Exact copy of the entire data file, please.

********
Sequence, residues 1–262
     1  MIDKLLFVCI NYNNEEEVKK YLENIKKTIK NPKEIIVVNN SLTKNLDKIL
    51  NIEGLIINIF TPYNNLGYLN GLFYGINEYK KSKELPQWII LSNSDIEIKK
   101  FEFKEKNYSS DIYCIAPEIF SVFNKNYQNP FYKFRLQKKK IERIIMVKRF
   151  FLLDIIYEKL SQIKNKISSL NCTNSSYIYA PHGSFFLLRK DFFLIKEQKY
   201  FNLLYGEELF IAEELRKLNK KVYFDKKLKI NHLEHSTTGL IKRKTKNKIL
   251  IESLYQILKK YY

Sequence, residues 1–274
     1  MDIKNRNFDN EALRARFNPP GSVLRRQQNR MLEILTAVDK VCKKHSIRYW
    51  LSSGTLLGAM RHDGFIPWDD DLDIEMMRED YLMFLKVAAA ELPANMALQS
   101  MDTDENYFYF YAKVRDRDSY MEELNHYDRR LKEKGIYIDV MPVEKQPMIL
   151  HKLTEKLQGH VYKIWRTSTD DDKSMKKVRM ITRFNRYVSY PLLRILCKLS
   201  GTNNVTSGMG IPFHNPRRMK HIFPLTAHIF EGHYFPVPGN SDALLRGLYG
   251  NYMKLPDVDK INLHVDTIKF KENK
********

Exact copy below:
Sequence, residues 1–262
     1  MIDKLLFVCI NYNNEEEVKK YLENIKKTIK NPKEIIVVNN SLTKNLDKIL
    51  NIEGLIINIF TPYNNLGYLN GLFYGINEYK KSKELPQWII LSNSDIEIKK
   101  FEFKEKNYSS DIYCIAPEIF SVFNKNYQNP FYKFRLQKKK IERIIMVKRF
   151  FLLDIIYEKL SQIKNKISSL NCTNSSYIYA PHGSFFLLRK DFFLIKEQKY
   201  FNLLYGEELF IAEELRKLNK KVYFDKKLKI NHLEHSTTGL IKRKTKNKIL
   251  IESLYQILKK YY

Sequence, residues 1–274
     1  MDIKNRNFDN EALRARFNPP GSVLRRQQNR MLEILTAVDK VCKKHSIRYW
    51  LSSGTLLGAM RHDGFIPWDD DLDIEMMRED YLMFLKVAAA ELPANMALQS
   101  MDTDENYFYF YAKVRDRDSY MEELNHYDRR LKEKGIYIDV MPVEKQPMIL
   151  HKLTEKLQGH VYKIWRTSTD DDKSMKKVRM ITRFNRYVSY PLLRILCKLS
   201  GTNNVTSGMG IPFHNPRRMK HIFPLTAHIF EGHYFPVPGN SDALLRGLYG
   251  NYMKLPDVDK INLHVDTIKF KENK